Background: Arbaclofen improved multiple abnormal phenotypes in animal models of fragile X syndrome (FXS) and showed promising results in a phase 2 clinical study. The objective of the study is to determine safety and efficacy of arbaclofen for social avoidance in FXS.
Methods: Two phase 3 placebo-controlled trials were conducted, a flexible dose trial in subjects age 12-50 (209FX301, adolescent/adult study) and a fixed dose trial in subjects age 5-11 (209FX302, child study). The primary endpoint for both trials was the Social Avoidance subscale of the Aberrant Behavior Checklist-Community Edition, FXS-specific (ABC-CFX). Secondary outcomes included other ABC-CFX subscale scores, Clinical Global Impression-Improvement (CGI-I), Clinical Global Impression-Severity (CGI-S), and Vineland Adaptive Behavior Scales, Second Edition (Vineland-II) Socialization domain score.
Results: A total 119 of 125 randomized subjects completed the adolescent/adult study (n = 57 arbaclofen, 62 placebo) and 159/172 completed the child study (arbaclofen 5 BID n = 38; 10 BID n = 39; 10 TID n = 38; placebo n = 44). There were no serious adverse events (AEs); the most common AEs included somatic (headache, vomiting, nausea), neurobehavioral (irritability/agitation, anxiety, hyperactivity), decreased appetite, and infectious conditions, many of which were also common on placebo. In the combined studies, there were 13 discontinuations (n = 12 arbaclofen, 1 placebo) due to AEs (all neurobehavioral). The adolescent/adult study did not show benefit for arbaclofen over placebo for any measure. In the child study, the highest dose group showed benefit over placebo on the ABC-CFX Irritability subscale (p = 0.03) and Parenting Stress Index (PSI, p = 0.03) and trends toward benefit on the ABC-CFX Social Avoidance and Hyperactivity subscales (both p < 0.1) and CGI-I (p = 0.119). Effect size in the highest dose group was similar to effect sizes for FDA-approved serotonin reuptake inhibitors (SSRIs).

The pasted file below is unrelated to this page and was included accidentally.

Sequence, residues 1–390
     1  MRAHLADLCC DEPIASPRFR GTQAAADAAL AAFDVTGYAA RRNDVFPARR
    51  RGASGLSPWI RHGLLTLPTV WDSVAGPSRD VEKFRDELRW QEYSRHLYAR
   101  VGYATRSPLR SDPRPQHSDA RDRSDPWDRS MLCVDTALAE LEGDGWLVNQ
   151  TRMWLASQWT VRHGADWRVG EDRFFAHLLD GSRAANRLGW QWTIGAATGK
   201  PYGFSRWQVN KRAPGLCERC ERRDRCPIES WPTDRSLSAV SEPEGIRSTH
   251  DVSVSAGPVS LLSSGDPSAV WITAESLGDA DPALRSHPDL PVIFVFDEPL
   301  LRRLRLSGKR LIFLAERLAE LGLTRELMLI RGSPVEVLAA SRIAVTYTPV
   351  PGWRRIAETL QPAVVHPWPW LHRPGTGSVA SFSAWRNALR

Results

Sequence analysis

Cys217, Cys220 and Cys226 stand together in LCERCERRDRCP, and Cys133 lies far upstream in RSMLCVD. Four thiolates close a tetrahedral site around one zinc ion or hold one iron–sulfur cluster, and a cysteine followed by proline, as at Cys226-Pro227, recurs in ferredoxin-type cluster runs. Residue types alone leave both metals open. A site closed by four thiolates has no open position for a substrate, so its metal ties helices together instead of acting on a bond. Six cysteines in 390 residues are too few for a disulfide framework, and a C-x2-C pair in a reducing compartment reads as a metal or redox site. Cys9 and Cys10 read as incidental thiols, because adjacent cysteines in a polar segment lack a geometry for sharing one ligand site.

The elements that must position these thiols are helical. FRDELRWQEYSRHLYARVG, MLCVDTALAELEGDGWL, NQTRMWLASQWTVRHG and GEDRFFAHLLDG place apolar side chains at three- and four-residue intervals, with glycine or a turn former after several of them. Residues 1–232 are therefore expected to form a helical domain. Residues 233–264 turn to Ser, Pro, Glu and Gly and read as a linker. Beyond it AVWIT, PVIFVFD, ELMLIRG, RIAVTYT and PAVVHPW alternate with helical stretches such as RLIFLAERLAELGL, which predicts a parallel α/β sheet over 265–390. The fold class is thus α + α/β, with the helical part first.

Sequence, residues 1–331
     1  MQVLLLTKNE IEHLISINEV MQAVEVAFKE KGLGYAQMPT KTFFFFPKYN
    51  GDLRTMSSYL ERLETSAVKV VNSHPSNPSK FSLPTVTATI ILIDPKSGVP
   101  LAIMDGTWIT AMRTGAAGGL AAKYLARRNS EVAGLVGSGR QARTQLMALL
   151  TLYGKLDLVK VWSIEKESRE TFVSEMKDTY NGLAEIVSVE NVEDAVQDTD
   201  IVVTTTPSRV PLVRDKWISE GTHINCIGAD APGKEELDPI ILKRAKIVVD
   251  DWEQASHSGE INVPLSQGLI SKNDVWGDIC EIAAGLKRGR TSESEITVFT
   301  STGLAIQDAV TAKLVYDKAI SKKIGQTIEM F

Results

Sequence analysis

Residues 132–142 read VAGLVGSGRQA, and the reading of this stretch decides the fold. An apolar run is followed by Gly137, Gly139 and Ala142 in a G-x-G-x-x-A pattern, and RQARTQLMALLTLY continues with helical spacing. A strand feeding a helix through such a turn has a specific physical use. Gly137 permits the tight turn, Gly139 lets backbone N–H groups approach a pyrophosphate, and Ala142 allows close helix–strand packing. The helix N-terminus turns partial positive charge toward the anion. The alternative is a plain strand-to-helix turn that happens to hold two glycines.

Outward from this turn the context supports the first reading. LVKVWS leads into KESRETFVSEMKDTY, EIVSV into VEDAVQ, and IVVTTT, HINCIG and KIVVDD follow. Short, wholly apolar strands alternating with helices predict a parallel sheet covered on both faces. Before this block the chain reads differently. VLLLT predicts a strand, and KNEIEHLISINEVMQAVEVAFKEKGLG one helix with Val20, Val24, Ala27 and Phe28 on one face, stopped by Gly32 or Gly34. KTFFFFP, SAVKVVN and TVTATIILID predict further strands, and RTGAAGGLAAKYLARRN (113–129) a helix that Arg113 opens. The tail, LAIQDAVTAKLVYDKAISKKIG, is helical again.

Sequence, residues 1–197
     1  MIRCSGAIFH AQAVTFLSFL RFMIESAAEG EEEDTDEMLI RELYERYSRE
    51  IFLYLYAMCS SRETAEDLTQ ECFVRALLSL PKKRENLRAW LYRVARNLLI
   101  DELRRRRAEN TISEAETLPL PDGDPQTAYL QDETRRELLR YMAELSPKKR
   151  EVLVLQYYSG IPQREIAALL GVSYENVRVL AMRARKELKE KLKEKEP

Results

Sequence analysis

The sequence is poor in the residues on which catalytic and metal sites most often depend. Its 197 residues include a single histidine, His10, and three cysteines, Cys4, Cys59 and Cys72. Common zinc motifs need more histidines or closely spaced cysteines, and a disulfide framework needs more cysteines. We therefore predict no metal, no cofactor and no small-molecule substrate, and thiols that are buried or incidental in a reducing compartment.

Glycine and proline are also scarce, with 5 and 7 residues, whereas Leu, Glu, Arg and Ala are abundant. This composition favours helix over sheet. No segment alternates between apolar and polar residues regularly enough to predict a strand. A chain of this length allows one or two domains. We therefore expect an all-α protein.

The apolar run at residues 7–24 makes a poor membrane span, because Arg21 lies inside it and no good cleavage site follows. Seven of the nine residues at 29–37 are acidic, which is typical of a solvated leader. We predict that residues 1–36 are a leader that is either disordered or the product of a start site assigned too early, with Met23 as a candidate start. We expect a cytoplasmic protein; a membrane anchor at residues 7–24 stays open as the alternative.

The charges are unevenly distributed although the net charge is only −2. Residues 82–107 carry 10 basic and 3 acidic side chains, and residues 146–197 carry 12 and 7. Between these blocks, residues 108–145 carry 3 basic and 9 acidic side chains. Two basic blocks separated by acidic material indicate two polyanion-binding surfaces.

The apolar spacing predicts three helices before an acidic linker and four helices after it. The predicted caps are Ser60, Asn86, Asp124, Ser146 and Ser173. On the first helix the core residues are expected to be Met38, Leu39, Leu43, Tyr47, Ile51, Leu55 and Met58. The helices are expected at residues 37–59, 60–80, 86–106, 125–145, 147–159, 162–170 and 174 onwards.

Conclusions: Arbaclofen did not meet the primary outcome of improved social avoidance in FXS in either study. Data from secondary measures in the child study suggests younger patients may derive benefit, but additional studies with a larger cohort on higher doses would be required to confirm this finding. The reported studies illustrate the challenges but represent a significant step forward in translating targeted treatments from preclinical models to clinical trials in humans with FXS.
Keywords: Arbaclofen; FMR1; Fragile X syndrome; GABA agonist; Neurodevelopmental disorder; Targeted treatment.